Western blot analysis

Total protein was extracted from implanted RenCa tumors, normal footpads, liver, and cultured cells by using CelLytic MT Cell Lysis Reagent (Sigma-Aldrich) supplemented with protease inhibitor cocktail, which contains 2 μg/mL of aprotinin, 2 μg/mL of leupeptin, 100 μmol/L of phenylmethylsulfonylfluoride (PMSF), and 200 μmol/L of sodium vanadate. The protein concentration was determined using a BCA Protein Assay Kit (Pierce Biotechnology, Inc.). Lysate samples were separated on 7%, 10%, and 15% SDS–polyacrylamide gels and transferred to polyvinylidene difluoride membranes. The membranes were incubated with antibodies against mTOR, p-mTOR (Cell Signaling Technology), p-P70S6K (R&D Systems), FBXW7 (Abcam), DBP (Aviva Systems Biology LLC), LC3 (Novus Biologicals), cyclin D1, cyclin E, glyceraldehyde-3-phosphate dehydrogenase (GAPDH), and β-actin (Santa Cruz Biotechnology). The immunocomplexes were detected by incubation with horseradish peroxidase–conjugated secondary antibodies and were visualized using Chemi-Lumi One (Nacalai Tesque, Inc.). The membranes were photographed using Polaroid-type film or an Image Quant LAS-4000 (Fujifilm), and the density of each band was analyzed using the ImageJ software.

RT-PCR analysis

Total RNA was extracted from implanted RenCa tumors, liver, and cultured cells using RNAiso (Takara Bio). cDNA was synthesized using the ReverTra Ace qPCR RT Kit (Toyobo). The cDNA levels of mouse mTOR (NM_020009), Fbxw7 (NM_080428), Dbp (NM_016974), E4bp4 (NM_017373), and 18S ribosomal RNA (rRNA; NR_003278) were determined by PCR. Real-time PCR analysis was performed on diluted cDNA samples using THUNDERBIRD SYBR qPCR Mix (Toyobo) with the 7500 Real-Time PCR System (Applied Biosystems). Semi-quantitative PCR was performed on diluted cDNA samples using the Gotaq Green Master Mix (Promega). Primer sequences are shown in Supplementary Fig. 2.

Construction of reporter plasmids

The 5′-flanking region of the mouse Fbxw7 gene (−2,013 bp to +1 bp; +1 is the transcription start site) was amplified by Platinum PCR SuperMix High Fidelity (Invitrogen) using DNA extracted from mouse liver. PCR was performed using forward primer No. 1 [5′-AAACTCGAGTGCCTGGGTCATATGTAGAG-3′ (XhoI site underlined)] and reverse primer [5′-GGAAGATCTTTCAGCAATGCAGACTGCAC-3′ (BglII site underlined)]. PCR products were purified and ligated into a PGL4.12 basic vector (Fbxw7:Luc; full length). For the D-site deletion assay, two reporter vectors were constructed using forward primers No. 2 [−676 bp to +1 bp; 5′-GAACTCGAGCATGCATTAGGTAGAAGTGG-3′ (XhoI site underlined)] and No. 3 [−364 bp to +1 bp; 5′-AAACTCGAGACTGCCCAAGCTACTTGAAG-3′ (XhoI site underlined)]. The same reverse primer (shown above) was used to construct these three reporter vectors.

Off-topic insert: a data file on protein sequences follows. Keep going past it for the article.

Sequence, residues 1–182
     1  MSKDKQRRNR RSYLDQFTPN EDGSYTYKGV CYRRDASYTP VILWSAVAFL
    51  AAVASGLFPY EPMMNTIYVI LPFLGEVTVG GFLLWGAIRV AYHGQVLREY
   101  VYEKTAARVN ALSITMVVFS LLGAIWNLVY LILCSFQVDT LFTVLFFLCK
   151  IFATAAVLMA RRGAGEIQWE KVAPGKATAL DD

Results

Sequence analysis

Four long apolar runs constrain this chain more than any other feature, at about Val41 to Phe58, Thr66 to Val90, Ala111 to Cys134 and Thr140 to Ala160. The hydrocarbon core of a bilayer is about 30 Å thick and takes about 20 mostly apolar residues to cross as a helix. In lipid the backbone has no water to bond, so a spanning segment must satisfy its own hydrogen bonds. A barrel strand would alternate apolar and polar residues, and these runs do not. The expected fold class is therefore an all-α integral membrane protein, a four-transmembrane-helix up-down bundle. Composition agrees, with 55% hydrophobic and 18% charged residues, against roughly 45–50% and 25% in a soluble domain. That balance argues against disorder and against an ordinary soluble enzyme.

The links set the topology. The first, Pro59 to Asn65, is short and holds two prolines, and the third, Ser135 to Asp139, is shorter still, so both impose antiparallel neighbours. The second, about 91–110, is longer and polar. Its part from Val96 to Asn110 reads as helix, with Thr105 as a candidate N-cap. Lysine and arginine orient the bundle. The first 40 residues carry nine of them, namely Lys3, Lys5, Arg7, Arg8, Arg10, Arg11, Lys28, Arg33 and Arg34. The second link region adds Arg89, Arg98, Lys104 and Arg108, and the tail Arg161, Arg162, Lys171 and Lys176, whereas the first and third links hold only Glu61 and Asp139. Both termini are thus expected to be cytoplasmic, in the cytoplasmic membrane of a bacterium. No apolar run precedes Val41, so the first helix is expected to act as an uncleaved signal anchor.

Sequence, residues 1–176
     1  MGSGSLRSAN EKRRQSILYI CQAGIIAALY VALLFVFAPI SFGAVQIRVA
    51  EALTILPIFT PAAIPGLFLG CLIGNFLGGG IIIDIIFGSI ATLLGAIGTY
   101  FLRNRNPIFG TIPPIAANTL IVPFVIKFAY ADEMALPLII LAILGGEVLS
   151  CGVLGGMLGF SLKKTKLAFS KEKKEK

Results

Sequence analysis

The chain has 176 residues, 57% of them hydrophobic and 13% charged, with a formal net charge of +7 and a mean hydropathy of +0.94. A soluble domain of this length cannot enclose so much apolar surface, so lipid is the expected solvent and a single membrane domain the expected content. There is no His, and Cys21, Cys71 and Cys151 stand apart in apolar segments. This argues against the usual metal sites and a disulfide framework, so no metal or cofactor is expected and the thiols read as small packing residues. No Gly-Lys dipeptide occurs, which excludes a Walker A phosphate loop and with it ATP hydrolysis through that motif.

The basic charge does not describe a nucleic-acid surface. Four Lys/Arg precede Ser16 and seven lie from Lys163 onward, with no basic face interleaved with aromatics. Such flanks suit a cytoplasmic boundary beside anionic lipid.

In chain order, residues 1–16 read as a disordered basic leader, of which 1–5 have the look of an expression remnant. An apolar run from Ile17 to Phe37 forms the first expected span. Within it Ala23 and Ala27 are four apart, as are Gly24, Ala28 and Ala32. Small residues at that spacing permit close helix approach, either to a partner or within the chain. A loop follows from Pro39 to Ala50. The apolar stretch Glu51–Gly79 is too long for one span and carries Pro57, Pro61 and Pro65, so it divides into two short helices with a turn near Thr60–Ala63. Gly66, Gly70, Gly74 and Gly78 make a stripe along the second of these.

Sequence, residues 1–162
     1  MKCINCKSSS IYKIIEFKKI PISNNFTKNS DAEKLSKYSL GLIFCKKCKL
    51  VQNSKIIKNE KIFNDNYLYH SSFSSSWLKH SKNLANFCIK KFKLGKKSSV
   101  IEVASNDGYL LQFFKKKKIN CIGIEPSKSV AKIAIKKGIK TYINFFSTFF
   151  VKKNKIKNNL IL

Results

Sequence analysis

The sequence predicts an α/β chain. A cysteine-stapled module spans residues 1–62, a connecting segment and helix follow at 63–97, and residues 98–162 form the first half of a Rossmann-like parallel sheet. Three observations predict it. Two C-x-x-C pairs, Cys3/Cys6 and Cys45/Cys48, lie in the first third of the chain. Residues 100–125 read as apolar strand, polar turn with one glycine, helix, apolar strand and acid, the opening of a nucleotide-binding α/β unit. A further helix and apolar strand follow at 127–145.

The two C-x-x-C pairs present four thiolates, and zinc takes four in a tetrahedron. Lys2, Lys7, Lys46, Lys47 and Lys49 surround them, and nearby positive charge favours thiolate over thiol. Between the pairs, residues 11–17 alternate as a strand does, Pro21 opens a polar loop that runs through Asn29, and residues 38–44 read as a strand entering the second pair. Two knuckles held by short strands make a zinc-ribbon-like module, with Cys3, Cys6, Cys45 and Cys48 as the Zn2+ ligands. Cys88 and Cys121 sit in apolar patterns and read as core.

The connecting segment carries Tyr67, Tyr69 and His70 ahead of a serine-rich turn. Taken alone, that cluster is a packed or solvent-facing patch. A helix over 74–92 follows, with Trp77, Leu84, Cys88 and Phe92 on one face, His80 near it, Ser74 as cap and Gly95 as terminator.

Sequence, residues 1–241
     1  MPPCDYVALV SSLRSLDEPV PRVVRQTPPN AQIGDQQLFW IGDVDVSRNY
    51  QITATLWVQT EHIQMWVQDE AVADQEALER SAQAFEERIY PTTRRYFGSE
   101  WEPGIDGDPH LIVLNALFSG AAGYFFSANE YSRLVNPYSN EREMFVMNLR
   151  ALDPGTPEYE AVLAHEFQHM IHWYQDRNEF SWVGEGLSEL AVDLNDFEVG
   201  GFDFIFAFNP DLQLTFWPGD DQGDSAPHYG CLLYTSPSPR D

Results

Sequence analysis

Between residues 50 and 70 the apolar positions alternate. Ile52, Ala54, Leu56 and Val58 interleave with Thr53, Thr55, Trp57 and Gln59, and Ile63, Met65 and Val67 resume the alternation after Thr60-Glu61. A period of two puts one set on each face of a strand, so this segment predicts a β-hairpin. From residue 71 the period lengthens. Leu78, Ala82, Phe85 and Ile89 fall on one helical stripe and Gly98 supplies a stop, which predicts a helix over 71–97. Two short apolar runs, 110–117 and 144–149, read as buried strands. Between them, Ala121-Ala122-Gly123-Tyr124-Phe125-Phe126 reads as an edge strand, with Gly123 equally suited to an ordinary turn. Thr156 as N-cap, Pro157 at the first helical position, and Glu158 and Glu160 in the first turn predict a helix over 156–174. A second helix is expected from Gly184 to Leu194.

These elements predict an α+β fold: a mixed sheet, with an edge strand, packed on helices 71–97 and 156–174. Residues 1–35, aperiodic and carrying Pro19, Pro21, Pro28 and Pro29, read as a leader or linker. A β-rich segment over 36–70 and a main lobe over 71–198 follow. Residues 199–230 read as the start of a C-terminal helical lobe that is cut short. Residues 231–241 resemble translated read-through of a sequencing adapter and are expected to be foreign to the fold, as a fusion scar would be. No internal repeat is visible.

Transfection and drug selection

RenCa cells were reverse transfected using Plus Reagent (Invitrogen) and Lipofectamine LTX Reagent (Invitrogen). The cells were transfected with pcDNA3.1 (Promega) or an Fbxw7 (addgene) expression vector (10 μg). Twenty-four hours after transfection, the cells were treated with G418 (2,000 μg/mL). Living cells were collected 72 hours after treatment.

Luciferase reporter assay

We used NIH3T3 cells for the transcriptional analysis of Fbxw7 because transcriptional analysis using RenCa cells or other tumor cells is technically very difficult. NIH3T3 cells were seeded in culture plates at a density of 1 × 105 cells per well for the luciferase reporter assay. After 24 hours of culture, the cells were transfected with the reporter vector (100 ng) and the expression vector (1,500 ng) using Lipofectamine LTX reagent. To correct for variations in transfection efficiency, 0.125 ng of phRL-TK (Promega) was cotransfected in all experiments. The total amount of DNA per well was adjusted by adding pcDNA3.1 vector (Invitrogen). Twenty-four hours after transfection, the cells were harvested and the cell lysate was analyzed using the Dual Luciferase Reporter Assay System (Promega). In each sample, the luciferase activity from the reporter plasmid was normalized to Renilla luciferase activity.

Chromatin immunoprecipitation assays